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School Rules and Perceived Fairness

Enforcing school rules consistently and fairly is a critical factor that shapes how safe people feel in school. Consistent enforcement of school rules and the availability of caring adults have been referred to as “structure and support” (Gregory et al., 2010). Studies have shown that structure and support are linked to lower suspension rates and more student willingness to seek help in bullying situations (Eliot, Cornell, Gregory, & Fan, 2010; Gregory et al., 2011). Many Scholars claim that positive school climate is linked with reduced aggression and violence (Brookmeyer, Fanti, & Henrich, 2006; Goldstein, Young, & Boyd, 2008; Gregory et al., 2010; Karcher, 2002b), reduced bullying behavior (Birkett et al., 2009; Kosciw & Elizabeth, 2006; Meraviglia, Becker, Rosenbluth, Sanchez, & Robertson, 2003; Meyer-Adams & Conner, 2008; Yoneyama & Rigby, 2006), and reduced sexual harassment, regardless of sexual orientation (AttarSchwartz, 2009).

Scholarly articles accentuate the importance of school rules and perceived fairness in regard to dealing with students’ behavior. There is evidence that schools in which rules are effectively enforced or schools with better discipline management have lower rates of student victimization and student delinquency (Gottfredson, Gottfredson, Payne, & Gottfredson, 2005). One of the most important explicit or implicit norms in schools relates to “witness-related” behaviors: either being a passive bystander who, knowingly or not, colludes with and supports bully-victim behavior or being an upstander who, directly or indirectly, says “no” to bully-victim behavior. (Thapa, A., Cohen, J., Guffey, S., & Higgins-D’Alessandro, A. (2013). A review of the school climate research. Review of Educational Research, 83(3), 357–385).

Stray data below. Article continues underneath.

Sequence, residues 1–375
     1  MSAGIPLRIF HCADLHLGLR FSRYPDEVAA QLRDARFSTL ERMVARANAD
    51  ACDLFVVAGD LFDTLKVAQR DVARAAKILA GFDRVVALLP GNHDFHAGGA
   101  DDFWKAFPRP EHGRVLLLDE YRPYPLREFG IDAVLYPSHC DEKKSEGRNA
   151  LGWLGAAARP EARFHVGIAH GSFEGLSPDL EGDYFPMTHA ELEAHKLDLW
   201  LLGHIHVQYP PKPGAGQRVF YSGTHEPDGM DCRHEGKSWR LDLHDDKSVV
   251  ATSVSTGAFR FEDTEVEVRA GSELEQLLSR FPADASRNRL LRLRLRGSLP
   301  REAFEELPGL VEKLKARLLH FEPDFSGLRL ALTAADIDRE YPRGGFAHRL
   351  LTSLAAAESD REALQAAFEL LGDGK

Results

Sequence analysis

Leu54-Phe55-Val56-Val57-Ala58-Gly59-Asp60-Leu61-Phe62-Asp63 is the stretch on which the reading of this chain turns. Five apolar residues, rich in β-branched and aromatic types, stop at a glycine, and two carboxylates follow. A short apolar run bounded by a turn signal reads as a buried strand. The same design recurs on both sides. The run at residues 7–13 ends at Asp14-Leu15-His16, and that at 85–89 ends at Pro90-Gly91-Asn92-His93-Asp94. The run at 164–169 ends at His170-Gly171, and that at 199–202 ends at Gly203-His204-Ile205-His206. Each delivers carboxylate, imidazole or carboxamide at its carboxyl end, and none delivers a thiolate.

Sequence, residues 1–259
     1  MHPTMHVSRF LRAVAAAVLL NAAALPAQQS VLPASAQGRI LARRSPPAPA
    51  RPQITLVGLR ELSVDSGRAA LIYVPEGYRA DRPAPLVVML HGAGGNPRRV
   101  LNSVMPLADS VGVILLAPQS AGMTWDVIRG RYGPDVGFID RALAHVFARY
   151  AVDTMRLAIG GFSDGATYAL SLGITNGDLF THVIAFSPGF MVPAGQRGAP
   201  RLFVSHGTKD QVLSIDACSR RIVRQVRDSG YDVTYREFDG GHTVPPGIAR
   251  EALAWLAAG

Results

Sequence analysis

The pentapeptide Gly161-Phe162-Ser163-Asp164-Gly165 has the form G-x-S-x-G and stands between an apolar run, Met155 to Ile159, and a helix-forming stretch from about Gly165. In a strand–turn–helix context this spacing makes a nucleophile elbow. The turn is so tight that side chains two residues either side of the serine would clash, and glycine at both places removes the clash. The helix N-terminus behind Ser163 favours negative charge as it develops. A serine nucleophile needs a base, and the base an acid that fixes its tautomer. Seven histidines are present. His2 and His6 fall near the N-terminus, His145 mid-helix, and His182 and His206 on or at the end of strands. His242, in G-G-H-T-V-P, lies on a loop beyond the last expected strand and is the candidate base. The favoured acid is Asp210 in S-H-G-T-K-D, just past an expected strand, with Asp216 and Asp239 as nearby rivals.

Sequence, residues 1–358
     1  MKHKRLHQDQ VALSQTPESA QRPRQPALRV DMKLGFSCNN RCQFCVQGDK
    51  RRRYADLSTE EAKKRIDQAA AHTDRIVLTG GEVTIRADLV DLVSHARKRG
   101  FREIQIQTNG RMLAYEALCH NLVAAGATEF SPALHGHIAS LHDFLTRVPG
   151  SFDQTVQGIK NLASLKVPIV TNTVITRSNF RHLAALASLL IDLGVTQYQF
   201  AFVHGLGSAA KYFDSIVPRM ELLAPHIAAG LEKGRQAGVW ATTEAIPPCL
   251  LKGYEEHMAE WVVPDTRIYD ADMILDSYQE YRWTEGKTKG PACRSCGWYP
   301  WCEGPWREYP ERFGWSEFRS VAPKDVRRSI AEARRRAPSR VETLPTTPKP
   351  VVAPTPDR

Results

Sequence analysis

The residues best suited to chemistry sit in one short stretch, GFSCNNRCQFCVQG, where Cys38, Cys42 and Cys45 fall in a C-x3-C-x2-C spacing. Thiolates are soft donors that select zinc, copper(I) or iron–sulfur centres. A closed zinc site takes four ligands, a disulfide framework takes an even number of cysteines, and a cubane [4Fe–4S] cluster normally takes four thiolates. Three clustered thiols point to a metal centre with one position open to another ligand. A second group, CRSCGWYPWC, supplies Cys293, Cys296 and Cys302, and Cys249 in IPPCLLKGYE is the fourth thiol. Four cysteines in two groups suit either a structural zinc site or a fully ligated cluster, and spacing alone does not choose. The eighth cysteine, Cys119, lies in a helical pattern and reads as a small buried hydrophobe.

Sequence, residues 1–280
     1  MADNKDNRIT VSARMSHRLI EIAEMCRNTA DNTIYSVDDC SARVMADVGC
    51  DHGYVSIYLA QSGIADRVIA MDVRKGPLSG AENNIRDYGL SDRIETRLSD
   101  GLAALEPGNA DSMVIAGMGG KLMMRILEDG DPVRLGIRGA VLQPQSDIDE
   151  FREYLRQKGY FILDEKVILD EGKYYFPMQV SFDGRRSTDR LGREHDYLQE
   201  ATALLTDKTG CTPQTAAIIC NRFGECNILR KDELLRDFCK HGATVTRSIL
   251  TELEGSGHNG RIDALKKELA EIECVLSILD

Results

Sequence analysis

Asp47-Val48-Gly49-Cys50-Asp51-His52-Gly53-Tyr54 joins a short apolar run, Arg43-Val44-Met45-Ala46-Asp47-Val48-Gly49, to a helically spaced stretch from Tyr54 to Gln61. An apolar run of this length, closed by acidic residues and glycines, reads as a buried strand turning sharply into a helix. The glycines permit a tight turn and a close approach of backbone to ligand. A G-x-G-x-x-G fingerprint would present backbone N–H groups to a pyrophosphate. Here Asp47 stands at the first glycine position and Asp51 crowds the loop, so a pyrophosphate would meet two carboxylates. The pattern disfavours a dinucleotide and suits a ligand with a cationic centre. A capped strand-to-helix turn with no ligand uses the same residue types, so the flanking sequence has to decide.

IINII uses a revolutionary Design Thinking process to help your school community gain an understanding of one’s sense of self, as well as developing an understanding of students’ and parents’ values; having an understanding of one’s values matters because research has shown that it is linked to better well-being, less stress, and increased confidence in one’s ability to succeed.

Understanding students’ values can be developed with culturally sustaining practices that reflect a student’s identity and experience. Particularly helpful is focusing efforts on cultural competence and relevance and providing opportunities for students to practice bridging differences between diverse identities in a safe environment. To learn how you can create a dynamic youth-centered environment that honors the unique values of your students and parents, visit our website at, or contact us at or 1800-507-2502.

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